Canada’s Not So Safe Agreement

Canada’s Not So Safe Agreement

While Prime Minister Justin Trudeau began his term in office by welcoming Syrian newcomers at the Toronto Pearson Airport, Donald Trump kicked off his presidency with three executive orders pushing for expedited deportations and strengthened immigration enforcement. When it comes to immigration and refugee policy, Canada and the United States seem to be increasingly at odds.

The human repercussions of these contrasting policies were on full display this summer, when more than 8,000 Haitian asylum seekers crossed into Canada in July and August alone.

This mass exodus was prompted by an announcement from the United States’ Secretary of Homeland Security. He who advised Haitians that the Temporary Protected Status (TPS) that had allowed them to stay following the January 2010 earthquake was about to expire. As a result, many chose to head to Canada in hopes of applying for refugee status. But thanks to something called the Safe Third Country Agreement (STCA), they wouldn’t be able to do so at an official Port of Entry.

CPJ has long opposed the STCA, which has been in force since 2004. The agreement states that both Canada and the United States are “safe” countries. As a result, individuals in the United States cannot make a refugee claim in Canada, and vice versa. Instead, they are expected to make their claim from where they are.

Refugees, however, have the right to seek asylum, even if it means crossing national borders. Entering by foot, then, becomes the natural option for many. Refugee law deems this action not illegal, but rather “irregular.”

But if refugees need to flee the United States to make an asylum claim, is it actually a safe country?

The 1951 Refugee Convention mandates that countries not send individuals back to nations where they may be in danger of persecution. Currently, refugee claimants in the United States are in danger of this very issue. CPJ views the STCA as inherently problematic. Now more than ever, Canada and the United States do not approach refugee policy in the same manner. Yet the STCA makes Canada complicit to violations of refugee rights. With the STCA in place, individuals with legitimate refugee claims are dismissed simply because they’ve arrived via the United States.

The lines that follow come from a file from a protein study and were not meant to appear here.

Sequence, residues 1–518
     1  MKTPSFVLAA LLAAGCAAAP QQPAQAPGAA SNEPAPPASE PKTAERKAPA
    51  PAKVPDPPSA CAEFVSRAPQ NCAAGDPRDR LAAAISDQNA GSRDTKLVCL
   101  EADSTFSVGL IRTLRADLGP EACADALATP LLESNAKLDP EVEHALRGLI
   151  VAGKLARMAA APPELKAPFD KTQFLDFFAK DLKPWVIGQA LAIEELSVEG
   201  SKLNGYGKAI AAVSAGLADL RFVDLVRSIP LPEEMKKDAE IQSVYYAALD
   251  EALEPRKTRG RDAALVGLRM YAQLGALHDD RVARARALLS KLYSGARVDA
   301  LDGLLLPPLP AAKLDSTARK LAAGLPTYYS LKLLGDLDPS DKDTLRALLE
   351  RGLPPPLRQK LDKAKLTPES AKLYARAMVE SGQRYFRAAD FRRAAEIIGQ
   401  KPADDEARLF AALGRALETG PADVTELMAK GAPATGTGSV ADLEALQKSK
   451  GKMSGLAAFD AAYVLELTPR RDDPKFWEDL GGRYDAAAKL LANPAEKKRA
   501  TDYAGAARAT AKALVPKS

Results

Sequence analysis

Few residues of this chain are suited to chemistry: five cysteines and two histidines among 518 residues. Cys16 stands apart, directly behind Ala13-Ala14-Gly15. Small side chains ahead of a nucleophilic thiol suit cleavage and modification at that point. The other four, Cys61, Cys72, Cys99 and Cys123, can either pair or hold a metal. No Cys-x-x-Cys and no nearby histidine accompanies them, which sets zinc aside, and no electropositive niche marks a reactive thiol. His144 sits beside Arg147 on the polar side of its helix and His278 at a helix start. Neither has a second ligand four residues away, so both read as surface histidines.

To compound the issue further, the STCA puts already vulnerable populations in harm’s way by encouraging them to make dangerous journeys. Often, asylum seekers are vulnerable to smugglers and traffickers, dangerous weather conditions, and even death. By rescinding this agreement, Canada would allow individuals a chance to make their claim in a manner that is controlled, regulated, and that upholds human rights.

Recently, the Canadian Council of Churches (CCC), the Canadian Council for Refugees, and Amnesty International launched a joint legal challenge questioning refugee policy in the United States and calling for Canada’s Federal Court to strike down the STCA.

“With the new administration, the previous concerns about whether the US is complying with international law have escalated,” said Peter Noteboom, acting general secretary of the CCC.

“We want refugees to have access to all the rights and freedoms of the charter.”

Because of the STCA, thousands of Haitians made the desperate decision to enter Canada on foot. Chances are, they won’t be the only ones. Some 300,000 residents currently hold TPS in the United States. Those from Sudan and Nicaragua have recently had their status terminated. Within the next year, individuals from South Sudan, Honduras, El Salvador, Syria, Nepal, Somalia and Yemen will too see their TPS expire. If these protections are not extended, it will mean hundreds of thousands of citizens expelled back to nations struggling to rebuild.

They shouldn’t have to enter Canada irregularly. They deserve access to our refugee system.

CPJ recognizes that as people of faith, we are called to care for our neighbours. As citizens of Canada, we have a responsibility to contest discriminatory and unjust policies that deny individuals their rights. The Canadian government must step up its global leadership in refugee rights and reconsider the Safe Third Country Agreement.

Photo Credit: Vmenkov

Deborah is CPJ's Public Justice Intern on Refugee Rights

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